Eric loves soccer. Eric loves soccer a lot. Eric loves soccer maybe as much as he loves technology. So when Eric told Casey that he was spending the weekend building a scraper to get current World Cup group stage and match score results, Casey told him to run with it. Casey told him to run far.
The end product? A free, publicly available JSON API. An API that (humble brag) hung out at the top of Hacker News for quite some time earlier this week.
It happened 1) because Eric is super cool and 2) because Casey founded a company that encourages super cool people to do what they love.
I’ll be the first to admit: it’s very easy to forget this second part. When I’m so focused on work, I get lost in the shuffle. I help to get some really challenging and exciting and do-good work projects out the door and into the world, and it’s great. Actually, it’s more than great. It’s a really awesome way to make a living.
But getting lost in the work shuffle makes it really easy to forget that I have my own interests, too. More importantly, getting lost in the work shuffle makes it really easy to think that by doing anything else, I’m being a bad employee.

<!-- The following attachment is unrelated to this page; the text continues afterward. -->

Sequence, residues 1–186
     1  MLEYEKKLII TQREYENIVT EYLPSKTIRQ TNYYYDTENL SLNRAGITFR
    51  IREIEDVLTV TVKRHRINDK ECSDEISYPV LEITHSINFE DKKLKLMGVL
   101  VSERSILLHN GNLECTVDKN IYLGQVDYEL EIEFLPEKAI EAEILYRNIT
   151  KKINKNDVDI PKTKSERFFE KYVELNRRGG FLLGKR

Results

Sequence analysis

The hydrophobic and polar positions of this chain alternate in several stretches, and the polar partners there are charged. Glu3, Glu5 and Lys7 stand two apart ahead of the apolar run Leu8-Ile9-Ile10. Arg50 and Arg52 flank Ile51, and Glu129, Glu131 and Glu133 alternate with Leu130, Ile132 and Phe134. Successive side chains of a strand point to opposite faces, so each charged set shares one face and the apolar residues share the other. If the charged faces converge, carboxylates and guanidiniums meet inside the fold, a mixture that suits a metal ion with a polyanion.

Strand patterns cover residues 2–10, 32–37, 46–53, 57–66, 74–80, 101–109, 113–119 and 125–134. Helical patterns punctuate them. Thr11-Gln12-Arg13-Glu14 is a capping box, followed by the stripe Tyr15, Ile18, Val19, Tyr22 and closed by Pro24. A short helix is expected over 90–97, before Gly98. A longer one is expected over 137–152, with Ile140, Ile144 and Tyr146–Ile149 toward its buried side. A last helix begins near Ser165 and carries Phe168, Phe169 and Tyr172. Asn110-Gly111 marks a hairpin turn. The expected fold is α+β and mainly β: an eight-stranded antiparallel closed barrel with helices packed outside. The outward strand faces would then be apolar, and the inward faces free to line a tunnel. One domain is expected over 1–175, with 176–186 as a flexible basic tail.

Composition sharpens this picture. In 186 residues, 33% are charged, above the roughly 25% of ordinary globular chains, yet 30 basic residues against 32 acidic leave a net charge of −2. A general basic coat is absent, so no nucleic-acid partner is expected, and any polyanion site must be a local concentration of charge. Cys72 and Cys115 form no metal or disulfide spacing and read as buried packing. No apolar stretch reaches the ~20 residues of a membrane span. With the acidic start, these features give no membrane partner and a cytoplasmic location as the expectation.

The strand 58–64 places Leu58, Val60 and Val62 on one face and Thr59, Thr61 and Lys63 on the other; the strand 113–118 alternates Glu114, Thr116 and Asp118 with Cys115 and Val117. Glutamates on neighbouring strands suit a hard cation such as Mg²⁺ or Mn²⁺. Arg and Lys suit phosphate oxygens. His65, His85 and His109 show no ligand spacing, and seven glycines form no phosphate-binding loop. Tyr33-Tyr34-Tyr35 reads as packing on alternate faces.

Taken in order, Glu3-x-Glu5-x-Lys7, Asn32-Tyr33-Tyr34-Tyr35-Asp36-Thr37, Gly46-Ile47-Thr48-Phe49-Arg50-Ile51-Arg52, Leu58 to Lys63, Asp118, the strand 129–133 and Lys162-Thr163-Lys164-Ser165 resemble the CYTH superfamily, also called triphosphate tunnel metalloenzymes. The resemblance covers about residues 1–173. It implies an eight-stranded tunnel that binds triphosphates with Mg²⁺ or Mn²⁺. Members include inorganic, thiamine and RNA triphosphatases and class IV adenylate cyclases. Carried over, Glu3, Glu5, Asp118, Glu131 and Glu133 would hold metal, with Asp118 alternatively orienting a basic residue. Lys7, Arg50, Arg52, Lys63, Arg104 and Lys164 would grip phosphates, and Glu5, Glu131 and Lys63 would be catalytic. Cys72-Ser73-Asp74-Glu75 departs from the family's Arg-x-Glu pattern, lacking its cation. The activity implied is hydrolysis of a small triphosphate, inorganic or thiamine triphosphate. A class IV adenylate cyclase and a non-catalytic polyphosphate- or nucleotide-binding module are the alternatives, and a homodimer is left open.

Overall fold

Working on a side project doesn’t make me a bad employee. It makes me a much better one.
Eric’s API was an excellent reminder that the very best projects stem from passion. He had an idea. He legitimately didn’t know if a solution was possible. He decided to give himself the challenge. He found a way to make it happen, then he worked until it did.
There are a thousand different ways Eric grew from the project, both as a software developer and as a soccer fan. (He wrote about them all here, by the way.)
It’s rare to find people who have Eric’s kind of drive—people who seek out difficult challenges and take them on willingly, with grace and enthusiasm, without assignment or promised reward.
These are the people who come up with the most interesting answers. The people who focus on finding long-term solutions instead of quick fixes. The people who have the guts to embrace complicated issues with diverse perspectives and toolboxes. The people who mentor. The people you want to be around. The people you want to work with. The people you want to learn from.
Here at Software for Good, we want these people. We want an entire office full of these people. We’d be crazy not to, and we’d be crazy not to support them the very best we could.